Document Type


Degree Name

Master of Arts (MA)




Faculty of Science

First Advisor

Richard Walsh

Advisor Role

Thesis Supervisor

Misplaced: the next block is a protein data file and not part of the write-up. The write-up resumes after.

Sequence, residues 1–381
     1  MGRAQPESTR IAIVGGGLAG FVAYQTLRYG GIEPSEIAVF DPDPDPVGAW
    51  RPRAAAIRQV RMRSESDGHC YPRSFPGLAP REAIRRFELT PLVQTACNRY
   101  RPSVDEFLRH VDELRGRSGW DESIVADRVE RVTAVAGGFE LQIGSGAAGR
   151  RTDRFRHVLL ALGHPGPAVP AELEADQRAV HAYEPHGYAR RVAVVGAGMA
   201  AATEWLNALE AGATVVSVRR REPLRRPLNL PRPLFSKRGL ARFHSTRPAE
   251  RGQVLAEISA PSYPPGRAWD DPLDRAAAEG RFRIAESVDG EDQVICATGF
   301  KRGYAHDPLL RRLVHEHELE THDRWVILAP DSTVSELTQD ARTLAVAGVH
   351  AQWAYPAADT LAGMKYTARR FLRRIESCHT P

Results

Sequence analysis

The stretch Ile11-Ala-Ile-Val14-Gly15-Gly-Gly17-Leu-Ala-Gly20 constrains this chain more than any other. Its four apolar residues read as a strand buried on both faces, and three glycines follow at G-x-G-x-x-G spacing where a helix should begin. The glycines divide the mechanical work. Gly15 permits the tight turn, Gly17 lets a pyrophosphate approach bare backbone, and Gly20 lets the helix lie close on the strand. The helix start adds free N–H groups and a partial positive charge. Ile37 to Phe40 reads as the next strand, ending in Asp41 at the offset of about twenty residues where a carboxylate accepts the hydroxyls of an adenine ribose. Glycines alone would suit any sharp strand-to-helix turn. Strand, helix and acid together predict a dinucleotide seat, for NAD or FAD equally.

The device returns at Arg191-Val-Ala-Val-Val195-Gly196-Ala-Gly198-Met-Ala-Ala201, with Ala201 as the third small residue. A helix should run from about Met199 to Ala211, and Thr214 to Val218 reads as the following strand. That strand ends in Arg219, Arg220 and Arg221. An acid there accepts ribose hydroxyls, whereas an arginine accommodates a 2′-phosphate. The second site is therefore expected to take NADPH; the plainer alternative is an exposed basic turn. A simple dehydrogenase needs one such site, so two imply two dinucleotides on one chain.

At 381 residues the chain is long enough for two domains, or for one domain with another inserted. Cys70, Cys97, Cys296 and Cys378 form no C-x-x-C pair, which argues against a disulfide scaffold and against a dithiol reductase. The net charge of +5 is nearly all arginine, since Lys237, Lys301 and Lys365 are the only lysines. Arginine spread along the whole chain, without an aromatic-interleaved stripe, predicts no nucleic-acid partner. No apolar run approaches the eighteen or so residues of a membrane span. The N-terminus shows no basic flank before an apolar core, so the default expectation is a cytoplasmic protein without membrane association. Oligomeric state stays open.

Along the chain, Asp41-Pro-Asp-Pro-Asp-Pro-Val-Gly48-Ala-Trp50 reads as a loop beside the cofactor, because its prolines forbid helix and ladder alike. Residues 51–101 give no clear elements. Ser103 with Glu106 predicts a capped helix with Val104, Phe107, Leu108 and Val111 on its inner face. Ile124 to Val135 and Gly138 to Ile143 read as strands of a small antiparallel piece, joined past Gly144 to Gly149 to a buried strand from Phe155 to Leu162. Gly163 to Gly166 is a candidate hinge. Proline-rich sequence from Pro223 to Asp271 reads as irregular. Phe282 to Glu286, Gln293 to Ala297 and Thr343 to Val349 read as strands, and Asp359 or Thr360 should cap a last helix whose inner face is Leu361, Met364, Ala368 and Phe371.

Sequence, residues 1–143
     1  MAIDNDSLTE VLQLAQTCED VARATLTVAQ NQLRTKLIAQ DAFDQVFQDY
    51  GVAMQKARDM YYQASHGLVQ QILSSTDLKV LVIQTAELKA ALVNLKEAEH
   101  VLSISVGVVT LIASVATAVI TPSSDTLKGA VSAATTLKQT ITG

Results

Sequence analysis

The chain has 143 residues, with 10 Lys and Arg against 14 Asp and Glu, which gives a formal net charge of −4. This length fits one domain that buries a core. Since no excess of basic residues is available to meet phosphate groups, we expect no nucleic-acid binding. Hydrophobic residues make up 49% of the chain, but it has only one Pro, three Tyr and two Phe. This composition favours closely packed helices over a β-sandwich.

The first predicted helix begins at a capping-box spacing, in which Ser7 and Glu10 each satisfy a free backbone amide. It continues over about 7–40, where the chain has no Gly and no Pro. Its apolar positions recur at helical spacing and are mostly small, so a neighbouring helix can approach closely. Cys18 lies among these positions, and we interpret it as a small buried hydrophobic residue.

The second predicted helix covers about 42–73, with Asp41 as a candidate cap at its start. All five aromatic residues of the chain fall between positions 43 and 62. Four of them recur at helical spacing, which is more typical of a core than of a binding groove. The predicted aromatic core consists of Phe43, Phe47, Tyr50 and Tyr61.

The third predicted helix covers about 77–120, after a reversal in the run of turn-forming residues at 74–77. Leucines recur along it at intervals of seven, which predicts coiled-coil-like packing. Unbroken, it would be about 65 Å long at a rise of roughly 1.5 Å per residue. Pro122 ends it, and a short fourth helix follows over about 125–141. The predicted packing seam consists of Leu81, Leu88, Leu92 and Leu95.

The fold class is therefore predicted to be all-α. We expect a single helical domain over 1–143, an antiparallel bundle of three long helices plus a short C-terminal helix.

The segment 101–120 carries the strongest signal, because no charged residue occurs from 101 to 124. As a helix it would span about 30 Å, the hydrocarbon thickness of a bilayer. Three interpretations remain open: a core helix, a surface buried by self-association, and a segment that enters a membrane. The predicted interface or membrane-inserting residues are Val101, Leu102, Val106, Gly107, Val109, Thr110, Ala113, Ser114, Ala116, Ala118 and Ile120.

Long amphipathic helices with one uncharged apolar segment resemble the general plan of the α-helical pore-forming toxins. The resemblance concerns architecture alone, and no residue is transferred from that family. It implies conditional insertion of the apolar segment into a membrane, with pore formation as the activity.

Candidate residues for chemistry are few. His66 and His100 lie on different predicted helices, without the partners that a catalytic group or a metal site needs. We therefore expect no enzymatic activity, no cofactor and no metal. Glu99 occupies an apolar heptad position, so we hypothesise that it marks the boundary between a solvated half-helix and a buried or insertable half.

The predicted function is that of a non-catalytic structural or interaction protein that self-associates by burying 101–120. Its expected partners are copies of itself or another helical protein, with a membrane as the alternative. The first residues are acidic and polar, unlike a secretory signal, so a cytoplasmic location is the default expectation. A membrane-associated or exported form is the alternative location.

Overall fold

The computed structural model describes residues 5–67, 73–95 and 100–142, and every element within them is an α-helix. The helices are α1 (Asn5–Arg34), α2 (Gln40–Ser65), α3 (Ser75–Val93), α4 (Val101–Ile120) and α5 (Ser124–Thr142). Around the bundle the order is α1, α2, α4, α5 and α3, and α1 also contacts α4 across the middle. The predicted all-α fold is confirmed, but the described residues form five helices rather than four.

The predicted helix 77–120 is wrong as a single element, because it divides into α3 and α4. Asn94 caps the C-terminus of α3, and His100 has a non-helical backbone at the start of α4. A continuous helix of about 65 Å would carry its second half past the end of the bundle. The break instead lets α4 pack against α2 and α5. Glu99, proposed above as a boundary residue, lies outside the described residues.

The following study investigated the effectiveness of an intervention that was based on creative drama designed to improve the social skills of school age children identified as deficient in social-emotional development. The intervention, termed the structured fantasy approach, combines theoretical principals from psychodynamic theory, social learning theory, and creative drama. The study was conducted at a public school in the Kitchener-Waterloo area. Eight students from the third to sixth grade participated in a ten-week social skills program, while seven students from first to third grade participated in a similar program. Five first to third graders and four third to six graders served as a comparison group and did receive the program. Prior to the beginning of the program all four groups completed the pretest measures. This consisted of the Peer Interaction Scale completed by the children, the Group Participation Scale, and the Inventory of Personal, Social and Learning Skills completed by the children’s parents and teachers. The children in the experimental group then participated in a short term drama group. The children in the control group did not receive any type of intervention. After the intervention these measures were readministered. Children who participated in the program rated themselves as more confident in conflict situations as opposed to children who did not participate in the program. There were no changes in teachers’ or parents’ perception of the children’s strengths or problems in group participation skills. Parents and teachers did perceive changes in the children’s level of personal, social and learning skills as assessed by the Inventory of Personal, Social and Learning Skills questionnaire. Limitations of the study and recommendations regarding future research and intervention in the school system are discussed.

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